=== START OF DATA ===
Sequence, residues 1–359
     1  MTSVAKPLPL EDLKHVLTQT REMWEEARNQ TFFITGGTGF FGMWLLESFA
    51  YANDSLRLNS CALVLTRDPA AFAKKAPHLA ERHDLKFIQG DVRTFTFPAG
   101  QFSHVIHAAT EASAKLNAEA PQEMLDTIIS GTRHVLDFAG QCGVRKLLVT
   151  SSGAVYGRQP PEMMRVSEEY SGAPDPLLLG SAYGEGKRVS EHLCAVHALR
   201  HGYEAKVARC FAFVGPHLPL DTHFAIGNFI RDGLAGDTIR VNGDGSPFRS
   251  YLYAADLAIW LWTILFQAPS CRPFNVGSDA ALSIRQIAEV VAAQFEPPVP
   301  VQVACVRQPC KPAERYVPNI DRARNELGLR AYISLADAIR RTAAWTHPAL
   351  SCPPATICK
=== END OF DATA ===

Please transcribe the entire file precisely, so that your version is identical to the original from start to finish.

Sequence, residues 1–359
     1  MTSVAKPLPL EDLKHVLTQT REMWEEARNQ TFFITGGTGF FGMWLLESFA
    51  YANDSLRLNS CALVLTRDPA AFAKKAPHLA ERHDLKFIQG DVRTFTFPAG
   101  QFSHVIHAAT EASAKLNAEA PQEMLDTIIS GTRHVLDFAG QCGVRKLLVT
   151  SSGAVYGRQP PEMMRVSEEY SGAPDPLLLG SAYGEGKRVS EHLCAVHALR
   201  HGYEAKVARC FAFVGPHLPL DTHFAIGNFI RDGLAGDTIR VNGDGSPFRS
   251  YLYAADLAIW LWTILFQAPS CRPFNVGSDA ALSIRQIAEV VAAQFEPPVP
   301  VQVACVRQPC KPAERYVPNI DRARNELGLR AYISLADAIR RTAAWTHPAL
   351  SCPPATICK